Editor’s Note: May 16, 2019

A ‘Digital Blueprint’ for Africa?

Kenya on Wednesday launched a new “Digital Economy Blueprint” for Africa, aimed at strengthening the continent’s ability to compete in the technology-driven global economy.

It has five ‘pillars’ focusing on digital infrastructure, public service delivery, skills, entrepreneurship, and business.

It’s a good, and necessary, idea.

Beyond the runaway success of mobile phones, and the occasional high profile technology investment, Africa is losing the digital economy race.

The continent’s internet penetration rate stood at 37.3% in December 2018, the lowest globally. It has the highest data costs at an average of 9.2% of monthly income – almost double the global average, and well above the 1% – 2% considered to be affordable.

While investment into the tech sector is growing, total fundraising of $334m by African startups accounted for just 0.11% of global VC funding in 2018. India alone attracted 31 times as much.

The likes of Kenya, with its thriving tech ecosystem and success in mobile money/fintech, are very much the exception to the rule.

During the launch the country’s president Uhuru Kenyatta said “Kenya is ready to share with Africa, our experience,” calling for more collaboration between states to drive “digital and economic transformation on the continent.”

Assuming Kenya is serious about the plan it’s a call to action worth following.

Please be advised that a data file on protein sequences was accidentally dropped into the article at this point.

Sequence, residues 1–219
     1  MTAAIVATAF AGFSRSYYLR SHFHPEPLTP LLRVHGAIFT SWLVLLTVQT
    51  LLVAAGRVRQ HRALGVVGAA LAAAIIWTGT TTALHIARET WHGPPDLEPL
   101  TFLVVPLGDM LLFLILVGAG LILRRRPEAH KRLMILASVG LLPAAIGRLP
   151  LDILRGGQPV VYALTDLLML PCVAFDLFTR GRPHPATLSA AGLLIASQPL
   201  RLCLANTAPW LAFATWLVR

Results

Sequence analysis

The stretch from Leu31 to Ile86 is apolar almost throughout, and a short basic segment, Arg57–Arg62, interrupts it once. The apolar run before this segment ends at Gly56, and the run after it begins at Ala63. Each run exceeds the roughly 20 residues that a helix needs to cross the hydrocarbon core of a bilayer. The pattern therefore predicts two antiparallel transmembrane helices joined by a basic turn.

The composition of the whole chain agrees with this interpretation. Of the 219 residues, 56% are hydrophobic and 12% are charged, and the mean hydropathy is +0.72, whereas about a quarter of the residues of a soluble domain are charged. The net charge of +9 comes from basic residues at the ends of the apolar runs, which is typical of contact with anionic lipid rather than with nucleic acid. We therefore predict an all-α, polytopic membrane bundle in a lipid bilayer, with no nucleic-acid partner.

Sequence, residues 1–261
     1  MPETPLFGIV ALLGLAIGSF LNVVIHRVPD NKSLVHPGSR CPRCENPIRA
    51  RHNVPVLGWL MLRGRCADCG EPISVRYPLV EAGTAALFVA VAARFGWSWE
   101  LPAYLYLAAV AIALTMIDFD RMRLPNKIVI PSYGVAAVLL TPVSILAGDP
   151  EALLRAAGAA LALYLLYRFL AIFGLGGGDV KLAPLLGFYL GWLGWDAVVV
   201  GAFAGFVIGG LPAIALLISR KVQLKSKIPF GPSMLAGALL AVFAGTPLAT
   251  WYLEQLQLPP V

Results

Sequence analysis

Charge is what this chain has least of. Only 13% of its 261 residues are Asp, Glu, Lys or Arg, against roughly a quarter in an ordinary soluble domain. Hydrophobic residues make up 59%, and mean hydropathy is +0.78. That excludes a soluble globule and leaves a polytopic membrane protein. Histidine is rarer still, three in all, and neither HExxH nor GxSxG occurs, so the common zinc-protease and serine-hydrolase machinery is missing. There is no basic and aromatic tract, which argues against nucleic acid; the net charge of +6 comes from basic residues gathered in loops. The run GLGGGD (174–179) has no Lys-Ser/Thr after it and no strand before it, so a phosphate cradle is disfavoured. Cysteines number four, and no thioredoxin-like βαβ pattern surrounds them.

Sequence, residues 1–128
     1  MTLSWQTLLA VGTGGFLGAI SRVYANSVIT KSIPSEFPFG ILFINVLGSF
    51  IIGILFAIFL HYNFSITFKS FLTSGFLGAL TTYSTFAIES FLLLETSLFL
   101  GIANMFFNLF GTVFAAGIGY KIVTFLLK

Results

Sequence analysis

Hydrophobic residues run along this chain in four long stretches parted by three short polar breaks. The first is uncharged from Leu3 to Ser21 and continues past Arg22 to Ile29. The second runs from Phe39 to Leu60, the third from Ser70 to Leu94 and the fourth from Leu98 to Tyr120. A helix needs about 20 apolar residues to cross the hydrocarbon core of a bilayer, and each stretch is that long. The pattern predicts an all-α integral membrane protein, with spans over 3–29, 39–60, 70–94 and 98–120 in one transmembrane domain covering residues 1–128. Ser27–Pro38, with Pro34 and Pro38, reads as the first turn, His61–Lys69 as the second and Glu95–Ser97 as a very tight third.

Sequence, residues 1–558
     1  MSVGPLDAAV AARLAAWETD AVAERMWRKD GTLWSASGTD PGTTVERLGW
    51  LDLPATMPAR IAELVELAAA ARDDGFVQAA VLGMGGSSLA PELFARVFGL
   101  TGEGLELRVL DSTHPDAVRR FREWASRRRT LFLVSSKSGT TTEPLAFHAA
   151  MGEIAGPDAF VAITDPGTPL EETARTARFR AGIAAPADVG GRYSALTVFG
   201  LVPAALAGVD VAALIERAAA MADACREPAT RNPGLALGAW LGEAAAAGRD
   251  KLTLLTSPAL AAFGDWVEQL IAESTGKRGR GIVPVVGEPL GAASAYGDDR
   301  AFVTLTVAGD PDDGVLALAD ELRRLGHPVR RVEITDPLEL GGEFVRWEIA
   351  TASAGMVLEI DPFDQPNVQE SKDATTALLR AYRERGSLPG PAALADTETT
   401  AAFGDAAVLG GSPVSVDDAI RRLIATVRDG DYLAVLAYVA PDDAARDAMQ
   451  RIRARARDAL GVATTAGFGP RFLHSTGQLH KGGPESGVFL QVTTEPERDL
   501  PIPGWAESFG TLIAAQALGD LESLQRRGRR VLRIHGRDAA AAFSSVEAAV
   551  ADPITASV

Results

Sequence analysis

From The Continent

Angola’s economy should return to growth in 2019, after three years of contraction, on the back of reform efforts and the implementation of a $3.7bn IMF program, credit ratings agency Moody’s has said. Growth is expected to be around 0.3%. More: Bloomberg

Transition talks between Sudan’s military and opposition groups have been suspended for 72 hours following violent clashes in the capital Khartoum. The two sides had originally planned to finalize a three-year power sharing deal on Thursday. More: Al Jazeera

The Daily Stat


The amount Mozambique is reportedly seeking from donors for post-cyclone reconstruction efforts. More: Club of Mozambique

The Global Perspective

Goldman Sachs is seeking a South African banking license, and plans to offer fixed income products in Africa’s most advanced economy. The bank has also announced an equity trading partnership  with local asset manager Investec. More: Reuters

Kenya sold a $2bn dual-tranche Eurobond on Wednesday, it’s third issuance in five years, in part to pay off existing loans. This comes amid growing concerns about the country’s debt sustainability. More: Daily Nation

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